This doesn’t mean you won’t be happy in marriage. I am. Most of the best memories of my life have my wife attached to them. Our honeymoon in Europe, moving to Portland, starting a church, the birth of our first child, that vacation in Kauai—we did all of that together. And it was fun. If I were to edit her out of my story, it would be flat, anemic and boring.

Here’s what I’ve learned over the last few years. God is the source of my life, not my wife. She’s an amazing gift that I don’t deserve, but she’s not Jesus. It took me a long time to get this. And to be honest, I’m still pounding away on living it out. Hopefully, you’ll get this sooner than I did. Because the beauty of this way of living is that if and when happiness shows up on your doorstep, it’s icing on the cake.

This article is adapted with permission from Loveology.

Top Comments

Val Jensen

1

Val Jensen commented…

A great insight with truth indeed but let's clarify something. When you quote Jefferson and call it the American propagation machine, you need not to be so hasty. "...the PURSUIT of happiness." This is not the same as happiness. The Declaration of Independece does not give one the right to be happy but to be able to pursue it...much like you are saying in a marriage. It's work, sacrifice and realization. So, I do not like how you equate our much more level-headed forefathers to a propagation machine. There is truth that happiness became an entitlement in American society but that is due to sitting atop the food chain for too long and being a spoiled hegemon. It is much the same as the Kaldunian Cycle which you should read up on if you don't know. Anyway, you need to fix that. Otherwise, I agree.

Greg Guier

1

Greg Guier commented…

Mr. Comner, I absolutely agree with you on the happiness aspect. Happiness is not a right. Thomas Jefferson knew that as well. There is no possible way for everyone to be happy, mainly because what makes one person happy could make another person absolutely miserable. So, it is like Jefferson says, we have the right to pursue happiness, not the right to achieve it. Other than that, I agree wholeheartedly.

37 Comments

C.j. 'Laminin' Kerr

3

C.j. 'Laminin' Kerr commented…

This is well done and thought out... makes a lot of sense. We hardly see it that way. Thanks for this.

Val Jensen

1

Val Jensen commented…

A great insight with truth indeed but let's clarify something. When you quote Jefferson and call it the American propagation machine, you need not to be so hasty. "...the PURSUIT of happiness." This is not the same as happiness. The Declaration of Independece does not give one the right to be happy but to be able to pursue it...much like you are saying in a marriage. It's work, sacrifice and realization. So, I do not like how you equate our much more level-headed forefathers to a propagation machine. There is truth that happiness became an entitlement in American society but that is due to sitting atop the food chain for too long and being a spoiled hegemon. It is much the same as the Kaldunian Cycle which you should read up on if you don't know. Anyway, you need to fix that. Otherwise, I agree.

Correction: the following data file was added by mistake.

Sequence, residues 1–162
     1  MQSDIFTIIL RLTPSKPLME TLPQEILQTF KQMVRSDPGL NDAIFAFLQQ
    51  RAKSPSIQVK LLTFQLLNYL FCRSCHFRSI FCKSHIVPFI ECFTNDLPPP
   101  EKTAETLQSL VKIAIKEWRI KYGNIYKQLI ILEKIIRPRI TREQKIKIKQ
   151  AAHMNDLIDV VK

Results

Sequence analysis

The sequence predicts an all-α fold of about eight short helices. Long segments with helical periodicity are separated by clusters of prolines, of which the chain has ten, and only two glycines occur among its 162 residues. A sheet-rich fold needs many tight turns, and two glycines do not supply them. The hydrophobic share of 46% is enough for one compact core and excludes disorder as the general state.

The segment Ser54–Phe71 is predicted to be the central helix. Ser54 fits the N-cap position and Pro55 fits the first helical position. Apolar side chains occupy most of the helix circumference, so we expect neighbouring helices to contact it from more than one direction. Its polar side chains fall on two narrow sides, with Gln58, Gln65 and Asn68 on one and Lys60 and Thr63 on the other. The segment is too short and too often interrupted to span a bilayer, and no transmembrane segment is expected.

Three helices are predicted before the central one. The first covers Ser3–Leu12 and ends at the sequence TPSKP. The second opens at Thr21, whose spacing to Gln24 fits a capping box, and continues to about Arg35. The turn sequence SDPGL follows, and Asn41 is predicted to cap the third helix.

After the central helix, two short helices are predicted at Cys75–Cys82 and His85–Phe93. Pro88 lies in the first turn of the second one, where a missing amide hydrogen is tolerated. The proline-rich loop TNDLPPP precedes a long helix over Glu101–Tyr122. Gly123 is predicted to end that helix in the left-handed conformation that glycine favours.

Jasbir Singh

3

Jasbir Singh commented…

Marriage makes me a better man. It is truly transformative. I've noticed how it has allowed me to work on the human virtues. Married life is amazing, and single people who are holding out or preferring not to marry are really missing the boat.
http://jasbirtsingh.blogspot.ca/2014/05/marriage-makes-me-better-man.html

Brett

194

Brett commented…

It is true that we can't promise someone happiness.

I have found that the most helpful advice comes from those who have walked the journey of marriage which is why i am so grateful to all those who shared their stories on my blog in different ways: http://brettfish.wordpress.com/2013/10/05/married-people-and-how-to-mayb...

Love it when people lift marriage up as a thing to be protected and looked after
Keep on
love brett fish

Love Made Known

1

Love Made Known commented…

So true! My wife and I read this article before we got married and reading it again is a good reminder. Here's the story of how we met: http://lovemadeknown.com/be-still-god-is-crafting-your-love-story-too

We can't promise happiness in marriage, but it's been a beautiful and exciting ride.